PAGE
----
Drop in Patient Numbers in Wisconsin May Only Be the Eye of a Hurricane

(Photo courtesy of Marshfield Clinic Health System-Eau Claire)



By Julian Emerson

December 3, 2020

Many facilities still at or near capacity, and a post-Thanksgiving surge could be disastrous as Christmas approaches.

Hospitals across much of Wisconsin report a slight reprieve from coronavirus cases that have overwhelmed them in recent weeks, but medical providers in the northwest part of the state remain near or at capacity, forcing some patients to travel significant distances and even to other states for treatment.

In some cases, officials said, patients have been turned down by multiple hospitals before finding one with space and staffing to accept them. St. Croix County Medical Examiner Patty Schachtner said she knows of patients who were sent from her county to La Crosse for care because regional hospitals were too full to accept them. In one case, she said, a COVID-19 patient was sent all the way to North Dakota for care. 

“The hospitals in this area have been overwhelmed,” Schachtner said, noting the situation was made worse because many nurses and other medical staff had to be quarantined after exposure to COVID-19 at the same time more personnel were needed. “Some people with COVID are having to go elsewhere for care.”

Wisconsin Hospital Association figures show 1,780 patients hospitalized statewide because of the virus as of Wednesday. Total COVID-19 patient numbers have fallen in 10 of the past 15 days since reaching 2,277 on Nov. 17.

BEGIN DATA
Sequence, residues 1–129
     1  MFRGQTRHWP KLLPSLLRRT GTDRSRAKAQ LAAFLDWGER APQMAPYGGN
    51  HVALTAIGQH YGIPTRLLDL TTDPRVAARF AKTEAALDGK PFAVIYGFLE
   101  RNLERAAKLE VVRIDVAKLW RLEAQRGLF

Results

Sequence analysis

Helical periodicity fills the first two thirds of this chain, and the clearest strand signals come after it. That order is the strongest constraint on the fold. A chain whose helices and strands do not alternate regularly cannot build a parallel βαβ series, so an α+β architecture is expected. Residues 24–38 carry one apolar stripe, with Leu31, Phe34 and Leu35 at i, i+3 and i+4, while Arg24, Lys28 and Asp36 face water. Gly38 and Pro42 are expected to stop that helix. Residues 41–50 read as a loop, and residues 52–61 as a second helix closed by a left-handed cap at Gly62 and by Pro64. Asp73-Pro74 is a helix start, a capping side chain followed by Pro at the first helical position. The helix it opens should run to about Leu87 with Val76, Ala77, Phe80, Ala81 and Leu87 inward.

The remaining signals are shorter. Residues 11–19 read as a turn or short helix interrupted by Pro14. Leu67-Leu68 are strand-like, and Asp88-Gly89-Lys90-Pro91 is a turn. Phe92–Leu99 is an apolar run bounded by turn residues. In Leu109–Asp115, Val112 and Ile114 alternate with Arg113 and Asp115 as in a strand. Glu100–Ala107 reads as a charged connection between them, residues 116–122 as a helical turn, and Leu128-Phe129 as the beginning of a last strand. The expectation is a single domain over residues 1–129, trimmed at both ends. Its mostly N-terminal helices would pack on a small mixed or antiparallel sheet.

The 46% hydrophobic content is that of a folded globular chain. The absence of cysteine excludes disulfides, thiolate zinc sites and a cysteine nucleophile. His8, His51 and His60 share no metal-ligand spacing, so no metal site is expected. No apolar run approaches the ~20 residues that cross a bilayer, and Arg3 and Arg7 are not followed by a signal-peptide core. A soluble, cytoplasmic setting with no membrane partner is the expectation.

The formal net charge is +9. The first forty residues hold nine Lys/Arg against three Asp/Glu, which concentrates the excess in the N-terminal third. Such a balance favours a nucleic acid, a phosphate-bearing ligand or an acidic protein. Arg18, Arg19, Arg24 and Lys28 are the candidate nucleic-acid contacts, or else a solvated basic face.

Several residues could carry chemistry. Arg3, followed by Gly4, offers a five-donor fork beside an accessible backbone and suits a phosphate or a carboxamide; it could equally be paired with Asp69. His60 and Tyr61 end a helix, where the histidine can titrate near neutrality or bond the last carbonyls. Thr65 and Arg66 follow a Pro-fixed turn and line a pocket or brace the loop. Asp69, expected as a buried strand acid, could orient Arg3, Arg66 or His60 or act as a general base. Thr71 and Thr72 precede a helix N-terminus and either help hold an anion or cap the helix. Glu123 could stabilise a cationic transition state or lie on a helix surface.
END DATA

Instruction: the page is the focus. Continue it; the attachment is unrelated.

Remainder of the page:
Reported coronavirus cases statewide have dipped in recent days too. On Wednesday the state Department of Health Services reported 3,777 new cases, along with 82 deaths. In Wisconsin, 395,090 people have tested positive for the virus and 3,502 have died. Equally troubling, the positivity rate of COVID-19 cases as a share of total tests processed daily has been above 30% for more than 30 days. Health experts say a positivity rate of about 5% shows a level of success in preventing widespread community transmission of the virus.

Hospital administrators said they’re grateful for that downward trend statewide. But in the northwest part of the state, hospitals continue to treat significant numbers of COVID-19 patients, they said.

Hospital officials said space and staffing shortages have forced COVID-19 patients to seek treatment outside of the communities where they live. Dr. Amy Williams, executive dean of practice for Mayo Clinic, said their flagship facility in Rochester, Minnesota has received patients from Wisconsin, Iowa and elsewhere.

While COVID-19 cases have dropped in recent days and patient numbers “seem to be in a steady state” after rising significantly during the past month, Mayo’s hospitals in northwest Wisconsin remain at or near patient capacity, Williams said. In some instances, she said, COVID-19 patients who might normally have been hospitalized have been able to receive treatment at home, freeing up hospital beds for those most seriously ill with the virus.     

“In Wisconsin, our hospitals are absolutely stretched,” she said, noting nurses and other medical staff are working extra hours and shifts to provide patient care.

As a sign of overcrowding at hospitals, state Department of Health Services Secretary Andrea Palm said hospitals are working closely with long-term care facilities to free up hospital beds while ensuring patient safety. At times, she said during a Nov. 24 news conference, patient discharges have been delayed because of COVID-19 outbreaks at nursing homes and other sites where patients live. 

Drop in Patient Numbers in Wisconsin May Only Be the Eye of a Hurricane
An unidentified nurse at Marshfield Clinic Health System’s Eau Claire hospital enters a negative pressure room that was created in what was an ambulatory surgery area, an effort to treat an influx of COVID-19 patients at the hospital. (Photo courtesy of Marshfield Clinic Health System-Eau Claire)